The Malaysian Anti-Corruption Commission (MACC) has denied sending the letters that have gone viral on social media, asking for monetary payments in exchange for cases under investigation to be closed.
In a statement today, the MACC, which has received 11 complaints so far, said the letters asking for money to be paid into a bitcoin account were fake.
“Recently, the MACC has received numerous complaints from the public who have been deceived by the fake letter,” said MACC Deputy Chief of Operations Datuk Seri Azam Baki.
“The MACC strictly emphasises that the commission has never contacted any parties through letters to close any corruption cases,” added Azam.
“In this regard, those who receive any dubious letters are advised to seek confirmation from the nearest MACC office at 1-800-88-6000 and the address posted on the official portal www.sprm.gov.my.
“We also hope that the public will be more sensitive and share this information with the community to avoid being deceived by the fake letter.”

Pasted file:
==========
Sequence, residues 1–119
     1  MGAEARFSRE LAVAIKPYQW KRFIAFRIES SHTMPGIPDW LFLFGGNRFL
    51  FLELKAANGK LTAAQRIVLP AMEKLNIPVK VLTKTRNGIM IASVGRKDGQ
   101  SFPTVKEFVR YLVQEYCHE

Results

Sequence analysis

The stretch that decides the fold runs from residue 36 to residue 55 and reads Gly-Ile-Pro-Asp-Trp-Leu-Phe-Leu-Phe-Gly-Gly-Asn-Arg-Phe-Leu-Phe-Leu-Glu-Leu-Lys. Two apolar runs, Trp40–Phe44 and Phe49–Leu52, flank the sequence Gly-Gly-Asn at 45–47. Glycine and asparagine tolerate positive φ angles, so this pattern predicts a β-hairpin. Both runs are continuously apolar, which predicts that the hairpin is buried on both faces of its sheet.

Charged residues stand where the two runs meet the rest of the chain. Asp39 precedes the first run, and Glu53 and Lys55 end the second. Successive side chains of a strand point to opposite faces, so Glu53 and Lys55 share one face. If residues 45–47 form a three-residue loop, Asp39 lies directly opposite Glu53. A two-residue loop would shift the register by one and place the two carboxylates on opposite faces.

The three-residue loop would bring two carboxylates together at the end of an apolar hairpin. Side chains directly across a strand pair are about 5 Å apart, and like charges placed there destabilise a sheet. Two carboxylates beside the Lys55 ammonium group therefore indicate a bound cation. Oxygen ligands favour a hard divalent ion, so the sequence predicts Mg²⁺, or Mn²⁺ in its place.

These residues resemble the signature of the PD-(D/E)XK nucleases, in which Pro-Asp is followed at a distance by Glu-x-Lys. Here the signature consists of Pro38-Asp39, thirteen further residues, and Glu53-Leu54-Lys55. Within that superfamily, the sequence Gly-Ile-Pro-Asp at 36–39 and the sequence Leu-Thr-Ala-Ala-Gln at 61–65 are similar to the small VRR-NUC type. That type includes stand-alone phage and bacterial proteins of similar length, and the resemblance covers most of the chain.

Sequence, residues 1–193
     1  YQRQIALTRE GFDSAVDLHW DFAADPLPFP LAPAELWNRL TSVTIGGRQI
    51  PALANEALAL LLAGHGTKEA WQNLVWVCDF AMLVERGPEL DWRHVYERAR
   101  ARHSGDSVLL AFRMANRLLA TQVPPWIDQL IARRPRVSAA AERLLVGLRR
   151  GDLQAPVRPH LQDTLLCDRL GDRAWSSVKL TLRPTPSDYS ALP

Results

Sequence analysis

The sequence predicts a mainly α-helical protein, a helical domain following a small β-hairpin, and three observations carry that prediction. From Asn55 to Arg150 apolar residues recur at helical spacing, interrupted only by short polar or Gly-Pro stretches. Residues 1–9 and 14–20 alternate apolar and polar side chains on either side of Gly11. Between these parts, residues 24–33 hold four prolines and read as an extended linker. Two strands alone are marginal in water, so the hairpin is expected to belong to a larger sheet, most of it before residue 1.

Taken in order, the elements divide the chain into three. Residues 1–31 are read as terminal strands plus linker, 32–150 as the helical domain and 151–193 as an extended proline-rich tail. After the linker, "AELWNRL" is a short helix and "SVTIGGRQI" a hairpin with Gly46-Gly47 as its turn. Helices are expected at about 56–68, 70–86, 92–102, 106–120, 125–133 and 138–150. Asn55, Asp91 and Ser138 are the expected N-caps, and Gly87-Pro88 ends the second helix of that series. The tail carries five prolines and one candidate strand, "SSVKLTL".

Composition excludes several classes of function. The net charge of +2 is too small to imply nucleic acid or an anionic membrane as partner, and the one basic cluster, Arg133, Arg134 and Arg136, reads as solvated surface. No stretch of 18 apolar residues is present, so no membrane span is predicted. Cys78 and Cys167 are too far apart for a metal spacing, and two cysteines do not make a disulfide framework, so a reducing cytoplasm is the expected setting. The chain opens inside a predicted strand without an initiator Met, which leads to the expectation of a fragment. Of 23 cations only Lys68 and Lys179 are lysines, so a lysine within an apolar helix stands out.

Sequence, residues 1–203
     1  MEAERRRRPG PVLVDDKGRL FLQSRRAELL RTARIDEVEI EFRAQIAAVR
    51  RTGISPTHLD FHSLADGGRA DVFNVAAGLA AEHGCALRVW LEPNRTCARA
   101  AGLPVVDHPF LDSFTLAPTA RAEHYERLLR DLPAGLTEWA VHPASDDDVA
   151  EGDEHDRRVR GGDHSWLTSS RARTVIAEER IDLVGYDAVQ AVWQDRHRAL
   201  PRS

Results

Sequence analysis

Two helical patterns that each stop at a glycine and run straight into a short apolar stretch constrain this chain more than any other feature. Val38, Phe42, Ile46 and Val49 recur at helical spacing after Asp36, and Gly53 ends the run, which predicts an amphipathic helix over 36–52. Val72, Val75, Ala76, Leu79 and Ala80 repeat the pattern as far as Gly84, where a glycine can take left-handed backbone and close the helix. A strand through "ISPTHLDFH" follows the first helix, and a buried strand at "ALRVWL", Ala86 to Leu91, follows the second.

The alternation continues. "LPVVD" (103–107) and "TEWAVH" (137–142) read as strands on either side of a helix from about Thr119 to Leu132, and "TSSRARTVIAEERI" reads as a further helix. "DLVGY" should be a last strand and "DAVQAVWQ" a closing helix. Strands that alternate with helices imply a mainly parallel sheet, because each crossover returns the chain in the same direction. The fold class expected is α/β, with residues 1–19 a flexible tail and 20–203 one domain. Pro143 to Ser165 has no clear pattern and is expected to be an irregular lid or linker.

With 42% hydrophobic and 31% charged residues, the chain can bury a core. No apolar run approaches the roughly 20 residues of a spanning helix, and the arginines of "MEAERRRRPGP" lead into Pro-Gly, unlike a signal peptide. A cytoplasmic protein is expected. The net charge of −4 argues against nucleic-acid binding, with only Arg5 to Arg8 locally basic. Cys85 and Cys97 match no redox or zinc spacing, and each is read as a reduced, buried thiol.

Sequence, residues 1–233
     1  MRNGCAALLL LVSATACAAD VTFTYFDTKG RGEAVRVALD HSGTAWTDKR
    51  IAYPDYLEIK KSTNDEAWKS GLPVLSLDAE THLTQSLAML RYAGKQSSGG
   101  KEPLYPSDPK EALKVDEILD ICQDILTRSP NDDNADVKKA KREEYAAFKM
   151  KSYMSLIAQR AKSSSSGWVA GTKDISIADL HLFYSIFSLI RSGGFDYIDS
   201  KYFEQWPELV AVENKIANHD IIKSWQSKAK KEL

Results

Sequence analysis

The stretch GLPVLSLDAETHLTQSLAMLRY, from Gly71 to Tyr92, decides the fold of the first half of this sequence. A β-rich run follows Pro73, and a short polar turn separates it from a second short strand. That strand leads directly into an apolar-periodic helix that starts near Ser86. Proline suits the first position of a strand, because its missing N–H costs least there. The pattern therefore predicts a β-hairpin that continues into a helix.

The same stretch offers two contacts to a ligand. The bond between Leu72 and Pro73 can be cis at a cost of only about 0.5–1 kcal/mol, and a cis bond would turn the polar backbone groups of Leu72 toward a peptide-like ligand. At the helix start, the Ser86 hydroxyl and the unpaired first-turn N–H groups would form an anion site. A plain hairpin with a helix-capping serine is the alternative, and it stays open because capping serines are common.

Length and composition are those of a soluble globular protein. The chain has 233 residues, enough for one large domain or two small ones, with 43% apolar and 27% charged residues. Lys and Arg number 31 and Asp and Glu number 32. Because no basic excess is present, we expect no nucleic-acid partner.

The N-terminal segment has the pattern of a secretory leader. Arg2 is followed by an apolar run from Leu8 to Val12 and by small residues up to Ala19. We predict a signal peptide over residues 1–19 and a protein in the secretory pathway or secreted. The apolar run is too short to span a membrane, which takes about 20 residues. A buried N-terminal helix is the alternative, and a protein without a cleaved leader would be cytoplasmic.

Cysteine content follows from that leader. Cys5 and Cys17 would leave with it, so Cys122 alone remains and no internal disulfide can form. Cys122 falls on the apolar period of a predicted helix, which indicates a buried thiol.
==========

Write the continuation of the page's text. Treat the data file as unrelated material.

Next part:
The letters on social media claimed that the recipients were being investigated by the MACC and will soon be apprehended and charged under the MACC Act of 2009 and jailed up to 20 years with a fine not exceeding five times of the total bribe.
It ended with an offer to drop the case if the money was deposited into an unnamed account within 30 days.
The fake letters in Bahasa Malaysia are titled ‘Offer to close case’ and were purportedly from the head of MACC’s investigation department.
It reads: “Referring to the matter above, for Datuk’s information, an investigation paper has been opened by the MACC to investigate you for corruption.
“Based on investigations and evidence, Datuk will be arrested and charged under Section 16 of the MACC Act 2009 that carries a jail sentence of not exceeding 20 years and fine no less than five times the amount of the bribe.
“As such, I would like to offer to close the investigation paper and destroy the evidence. If Datuk is interested, please make a RM50,000 payment into the bitcoin account as shown below in 30 days from the date of this letter.”
Before MACC, other parties including law enforcement agencies like the police were also used by scammers to trick unsuspecting Malaysians to transfer money into accounts to settle ‘cases’.